"To me, the most serious objection to veganism - or vegetarianism, for that matter - is that if animals have a good life and are humanely killed, that is better than no life at all. And if they graze pasture that could not be used for agriculture, I can't see any environmental downside either. So it's not easy, on my ethical views, to see why eating such meat is wrong. Of course, there isn't much meat produced today that is like that, but there is some, so it would be possible to eat such meat occasionally." - Peter Singer, March 11, 2006
- This is a hypothetical situation and in the real world it is very difficult to breed animals in numbers which will be painlessly killed.
- Often the establishment of such a practice eventually leads back to and/or "excuses" the original, more "efficient" but inhumane farming industries.
- While it is true that in such ideal circumstances the animal may not suffer for the most part, most animals, even those that are "organically raised" or "free range" still have to endure the suffering and the terrors of being slaughtered, of having their eggs or milk stolen, and of seeing their companions taken away to be slaughtered, which makes their enjoyment of their life on a farm questionable.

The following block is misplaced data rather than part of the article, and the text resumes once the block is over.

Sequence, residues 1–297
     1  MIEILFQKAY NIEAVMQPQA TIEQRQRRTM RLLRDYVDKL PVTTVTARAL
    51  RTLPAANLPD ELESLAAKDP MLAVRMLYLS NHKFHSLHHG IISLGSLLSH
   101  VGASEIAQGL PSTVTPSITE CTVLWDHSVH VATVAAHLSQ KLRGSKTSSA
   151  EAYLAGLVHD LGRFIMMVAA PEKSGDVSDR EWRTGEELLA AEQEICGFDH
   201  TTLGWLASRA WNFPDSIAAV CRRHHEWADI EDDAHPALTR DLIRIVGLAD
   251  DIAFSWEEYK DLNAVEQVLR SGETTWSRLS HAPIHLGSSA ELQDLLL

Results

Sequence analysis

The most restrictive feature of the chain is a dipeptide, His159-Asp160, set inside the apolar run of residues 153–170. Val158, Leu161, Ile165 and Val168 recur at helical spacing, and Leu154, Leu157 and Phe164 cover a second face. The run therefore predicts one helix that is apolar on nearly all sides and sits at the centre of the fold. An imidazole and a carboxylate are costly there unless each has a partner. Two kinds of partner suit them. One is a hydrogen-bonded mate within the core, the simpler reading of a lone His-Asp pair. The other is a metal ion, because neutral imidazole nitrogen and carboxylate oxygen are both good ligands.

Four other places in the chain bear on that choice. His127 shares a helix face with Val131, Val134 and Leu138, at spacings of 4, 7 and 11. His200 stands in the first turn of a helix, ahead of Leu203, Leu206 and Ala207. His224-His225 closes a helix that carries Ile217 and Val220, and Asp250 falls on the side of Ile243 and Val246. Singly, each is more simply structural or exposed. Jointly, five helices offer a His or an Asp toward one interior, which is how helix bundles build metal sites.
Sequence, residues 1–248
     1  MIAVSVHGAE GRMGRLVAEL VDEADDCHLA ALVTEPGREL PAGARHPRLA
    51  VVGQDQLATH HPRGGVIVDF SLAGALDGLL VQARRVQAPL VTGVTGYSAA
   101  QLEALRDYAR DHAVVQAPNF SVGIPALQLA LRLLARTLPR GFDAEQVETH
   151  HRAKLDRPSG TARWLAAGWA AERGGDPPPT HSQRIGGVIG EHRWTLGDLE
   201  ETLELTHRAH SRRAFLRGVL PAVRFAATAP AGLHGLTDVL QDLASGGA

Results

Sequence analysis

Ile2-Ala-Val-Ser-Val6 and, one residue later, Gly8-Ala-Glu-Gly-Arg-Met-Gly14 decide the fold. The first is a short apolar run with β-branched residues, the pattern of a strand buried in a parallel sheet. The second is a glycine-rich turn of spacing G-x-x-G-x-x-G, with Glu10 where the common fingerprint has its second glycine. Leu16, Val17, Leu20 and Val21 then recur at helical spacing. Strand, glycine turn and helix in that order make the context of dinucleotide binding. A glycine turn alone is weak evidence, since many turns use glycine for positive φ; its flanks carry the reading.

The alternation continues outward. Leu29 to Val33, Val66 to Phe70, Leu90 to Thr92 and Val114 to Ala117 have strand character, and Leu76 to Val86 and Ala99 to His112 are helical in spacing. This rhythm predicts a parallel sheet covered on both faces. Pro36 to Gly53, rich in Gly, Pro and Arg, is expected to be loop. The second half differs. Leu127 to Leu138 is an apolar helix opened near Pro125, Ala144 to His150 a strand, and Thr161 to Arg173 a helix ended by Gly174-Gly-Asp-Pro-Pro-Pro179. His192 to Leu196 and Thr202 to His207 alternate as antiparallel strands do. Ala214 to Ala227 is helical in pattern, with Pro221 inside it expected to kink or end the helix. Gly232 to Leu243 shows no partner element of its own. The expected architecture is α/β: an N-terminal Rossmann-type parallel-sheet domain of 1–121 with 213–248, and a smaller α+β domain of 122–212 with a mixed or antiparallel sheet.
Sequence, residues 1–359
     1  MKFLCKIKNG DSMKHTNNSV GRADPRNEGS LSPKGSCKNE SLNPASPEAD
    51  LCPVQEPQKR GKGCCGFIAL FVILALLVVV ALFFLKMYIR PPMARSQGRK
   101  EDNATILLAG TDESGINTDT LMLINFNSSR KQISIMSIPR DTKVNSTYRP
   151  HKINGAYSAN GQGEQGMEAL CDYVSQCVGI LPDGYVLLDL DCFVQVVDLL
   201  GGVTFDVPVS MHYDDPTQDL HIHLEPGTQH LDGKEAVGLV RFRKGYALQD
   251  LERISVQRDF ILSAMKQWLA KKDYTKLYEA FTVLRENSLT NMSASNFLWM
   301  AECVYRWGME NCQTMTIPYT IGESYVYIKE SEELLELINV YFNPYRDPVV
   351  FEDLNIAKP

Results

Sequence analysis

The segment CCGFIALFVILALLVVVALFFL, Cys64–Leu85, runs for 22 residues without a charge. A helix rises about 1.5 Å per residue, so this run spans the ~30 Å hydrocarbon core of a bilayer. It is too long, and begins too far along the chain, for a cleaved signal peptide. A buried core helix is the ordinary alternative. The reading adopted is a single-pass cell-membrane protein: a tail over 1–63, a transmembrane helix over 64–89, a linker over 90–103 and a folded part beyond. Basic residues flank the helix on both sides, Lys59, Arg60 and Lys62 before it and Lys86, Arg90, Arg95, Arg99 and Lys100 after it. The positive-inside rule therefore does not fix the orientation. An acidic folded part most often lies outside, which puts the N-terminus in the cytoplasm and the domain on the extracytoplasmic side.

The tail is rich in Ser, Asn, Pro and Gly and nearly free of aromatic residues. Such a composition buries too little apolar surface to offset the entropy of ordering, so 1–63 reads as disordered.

- Even with free-range egg-laying hens, the "useless" byproduct, the male chicks, are still killed at birth. This is 50% of the chicken population! Even the females are generally slaughtered at a mere fraction of their life expectancy.
- Labels such as "free range" are controversial and prone to exploitation: merely leaving the hens open to the outside meets the label's criteria; there is no rule about the size of the yard or the space given to each hen. Many so-called "free-range" chicken or hens (or other animals) are still quite atrociously treated.